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Offense Goes Stagnant, Tigers Make Too Many Mistakes in Loss to No. 2 Georgia

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Missouri hung in there with the second-ranked Bulldogs, but didn’t play a clean enough game to pull off the upset.

NCAA Football: Georgia at Missouri Jay Biggerstaff-USA TODAY Sports

Missed tackles, missed opportunities, and missed assignments.

It’s easy to blame the referees for Missouri’s 43-29 loss to the No. 2 Georgia Bulldogs Saturday afternoon, but the Tigers played an incredibly sloppy game.

Although Missouri blocked a field goal with six minutes left in the fourth quarter and trailed by just 11, it hardly felt like they were in the game. Countless turnovers, a blocked punt, and poor secondary play late attributed to the Tigers’ demise.

“The most frustrating part of this one was that I think we beat ourselves,” quarterback Drew Lock said. “Georgia’s a good football team, but the Missouri Tigers beat themselves today... We gave them two touchdowns.”

Missouri corner Christian Holmes ripped a pass from a Georgia receiver for a turnover in the game’s very first possession, building some momentum early for the Tigers. The offense was driving down the field when Lock found Albert Okuwegbunam on an out route. The tight end muscled his way to the first down marker, but fumbled. A Georgia defender found himself in the end zone shortly after.

Early in the second quarter, wide receiver Johnathon Johnson was wide open in the middle of the field on a dig route. Lock hit him in stride, but Johnson let it through his hands, as the ball bounced off his chest and right into a Georgia defender’s hands.

As if those two plays weren’t enough of a dagger, Tucker McCann had a field goal that was ruled a miss; but upon looking at the replay, it seemed like it should’ve been good. To add to that, Georgia receiver Mecole Hardman seemed to have dropped a ball prior to crossing the goal line on a 54-yard touchdown reception early in the fourth quarter.

It was just one of those days.

Missouri’s defense, to the surprise of many, looked stout in the first half, allowing just six points and no touchdowns to the Georgia offense. They clogged up gaps, stepped up in crucial third down situations, and limited Jake Fromm’s production.

Then the second half rolled around.

Running lanes got bigger and Fromm picked on a weak Missouri secondary. He completed two long touchdown passes — one for 61 yards and the other for 54.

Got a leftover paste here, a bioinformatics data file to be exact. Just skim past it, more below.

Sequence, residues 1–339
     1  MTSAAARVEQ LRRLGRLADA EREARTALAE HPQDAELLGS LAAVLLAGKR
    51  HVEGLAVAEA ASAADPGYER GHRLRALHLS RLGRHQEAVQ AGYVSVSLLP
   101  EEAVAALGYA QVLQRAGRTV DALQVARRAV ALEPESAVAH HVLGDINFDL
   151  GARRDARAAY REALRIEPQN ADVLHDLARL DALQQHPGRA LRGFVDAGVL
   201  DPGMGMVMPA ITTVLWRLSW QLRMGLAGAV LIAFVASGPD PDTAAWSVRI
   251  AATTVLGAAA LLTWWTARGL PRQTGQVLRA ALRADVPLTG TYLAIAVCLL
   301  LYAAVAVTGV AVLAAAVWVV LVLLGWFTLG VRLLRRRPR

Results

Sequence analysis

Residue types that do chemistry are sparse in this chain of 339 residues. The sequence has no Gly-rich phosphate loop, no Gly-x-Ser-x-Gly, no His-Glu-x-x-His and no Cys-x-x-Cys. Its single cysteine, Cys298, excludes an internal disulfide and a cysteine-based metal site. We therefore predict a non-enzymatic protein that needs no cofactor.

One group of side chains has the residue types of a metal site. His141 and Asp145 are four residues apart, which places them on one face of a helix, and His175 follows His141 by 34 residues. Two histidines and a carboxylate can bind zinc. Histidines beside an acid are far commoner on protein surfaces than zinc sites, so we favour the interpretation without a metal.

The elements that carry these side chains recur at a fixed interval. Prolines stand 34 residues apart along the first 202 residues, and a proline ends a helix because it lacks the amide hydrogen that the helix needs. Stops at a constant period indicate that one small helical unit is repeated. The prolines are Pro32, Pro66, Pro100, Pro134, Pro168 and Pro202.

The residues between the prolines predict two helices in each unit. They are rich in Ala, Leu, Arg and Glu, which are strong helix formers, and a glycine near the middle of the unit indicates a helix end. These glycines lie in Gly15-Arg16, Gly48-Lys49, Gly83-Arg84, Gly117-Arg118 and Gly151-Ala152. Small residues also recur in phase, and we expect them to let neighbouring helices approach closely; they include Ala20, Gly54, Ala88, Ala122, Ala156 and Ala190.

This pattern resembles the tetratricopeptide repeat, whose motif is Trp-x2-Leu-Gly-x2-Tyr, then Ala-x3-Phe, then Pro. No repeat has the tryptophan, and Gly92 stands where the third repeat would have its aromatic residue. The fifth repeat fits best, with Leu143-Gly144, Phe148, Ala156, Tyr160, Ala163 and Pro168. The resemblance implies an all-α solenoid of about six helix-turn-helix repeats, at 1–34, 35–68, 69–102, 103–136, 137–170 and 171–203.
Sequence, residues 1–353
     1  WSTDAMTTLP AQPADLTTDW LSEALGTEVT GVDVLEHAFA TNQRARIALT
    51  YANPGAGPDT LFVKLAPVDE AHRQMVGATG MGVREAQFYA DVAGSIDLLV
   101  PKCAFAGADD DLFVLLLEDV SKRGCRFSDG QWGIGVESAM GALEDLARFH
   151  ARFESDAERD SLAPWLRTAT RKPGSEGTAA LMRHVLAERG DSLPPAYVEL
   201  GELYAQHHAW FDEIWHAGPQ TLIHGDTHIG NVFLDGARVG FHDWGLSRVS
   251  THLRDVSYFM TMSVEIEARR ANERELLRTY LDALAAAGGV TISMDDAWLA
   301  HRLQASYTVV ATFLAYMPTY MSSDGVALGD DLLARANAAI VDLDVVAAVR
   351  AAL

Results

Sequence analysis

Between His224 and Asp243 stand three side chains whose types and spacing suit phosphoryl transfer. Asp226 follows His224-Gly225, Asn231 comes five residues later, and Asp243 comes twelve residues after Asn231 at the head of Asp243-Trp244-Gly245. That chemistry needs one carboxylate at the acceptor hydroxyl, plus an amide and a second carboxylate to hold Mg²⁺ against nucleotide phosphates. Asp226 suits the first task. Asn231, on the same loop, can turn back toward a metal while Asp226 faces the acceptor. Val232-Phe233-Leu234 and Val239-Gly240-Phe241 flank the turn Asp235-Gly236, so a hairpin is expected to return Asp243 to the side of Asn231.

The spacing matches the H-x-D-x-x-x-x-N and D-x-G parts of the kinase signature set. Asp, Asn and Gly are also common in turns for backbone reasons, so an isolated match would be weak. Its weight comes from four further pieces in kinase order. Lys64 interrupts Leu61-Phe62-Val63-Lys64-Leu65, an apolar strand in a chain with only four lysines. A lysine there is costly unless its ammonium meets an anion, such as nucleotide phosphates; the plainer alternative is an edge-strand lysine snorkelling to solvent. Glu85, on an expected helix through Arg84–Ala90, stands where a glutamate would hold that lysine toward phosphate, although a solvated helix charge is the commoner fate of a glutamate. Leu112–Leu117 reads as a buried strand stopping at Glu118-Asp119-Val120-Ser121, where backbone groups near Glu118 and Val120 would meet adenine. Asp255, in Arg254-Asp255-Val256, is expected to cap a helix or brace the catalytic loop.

Lock’s achilles’ heel throughout his career has been games against ranked teams. His stat-line may not show it, but he did everything he could, as Georgia’s secondary played a very solid game.

The Missouri receivers dropped passes, receivers couldn’t get open (Emanuel Hall was held catch-less by Georgia’s star corner Deandre Baker), and Lock was pressured throughout. With that being said, throwing for 221 yards isn’t too shabby against one of the nation’s better defenses.

“There’s not a quarterback in the country I’d rather have than Drew Lock,” head coach Barry Odom said in a press conference following Saturday’s loss.

For as many negatives there are to take away from this game, there are just as many positives. Missouri’s front seven, especially Terry Beckner Jr, played an impressive game. Although the second half wasn’t their best, they showed in the first half they’re capable of getting pressure on the quarterback and snuff runs up the middle against any team.

“[The defensive line] played a whole lot better,” Beckner said. “Week by week, we get a whole lot better and it paid off a little bit today.”

On a day where the Tigers made stupid mistakes, gave up a special teams touchdown and couldn’t get it clicking on offense, somehow, they hung in there tough with the second-best team in the nation. They showed a lot of heart throughout, never giving up until the final whistle.

“We’ve fought back from worse,” Lock said. “1-5 is a lot worse than 3-1 right now.”

A year ago (before the winning streak), you wouldn’t see that from Missouri. Going into two pivotal games against South Carolina and No. 1 Alabama, that attitude will be a major factor in how well this team keeps itself composed in its two toughest road games of 2018.

With SEC play officially underway as well, it’s promising that such a sloppy game as this one still kept the Tigers within reach. It’s a solid sign to how talented this team really is.

“If we play our A-game, there’s no doubt in my mind we can compete with anyone in the country,” Lock said. “That’s something I believe in my soul, and I think that’s why this loss hurts way worse than any loss last year... Because I truly think we can beat anyone we want to.”

Two of the more talented players on Missouri’s offense — running backs Damarea Crockett and Larry Rountree III — saw their slow starts to 2018 come to an end, with a nice contribution from true freshman Tyler Badie to add on top of it. All three had a rushing touchdown, as they combined for 150 yards rushing on 33 carries (4.55 ypc). Crockett ran for 67 yards, Badie for 50, and Rountree for 33.

“I just kind of feel like we had a fire about us,” Crockett said. “You know, coming out knowing we’re going to play a good team, we just knew we had to take responsibility to get the ball down the field and get drives going.”

Another good sign for Missouri was that they didn’t get “out-athlete’d”. There weren’t any glaring plays to where a corner got burned down the field (missed tackles and assignments led to some long touchdowns), and the battle at the line of scrimmage was extremely even throughout.

The Tigers have the talent to be able to compete with anyone in the country if everything is clicking, but road trips to Columbia (S.C.) and Tuscaloosa will prove just how much Missouri can accomplish this season.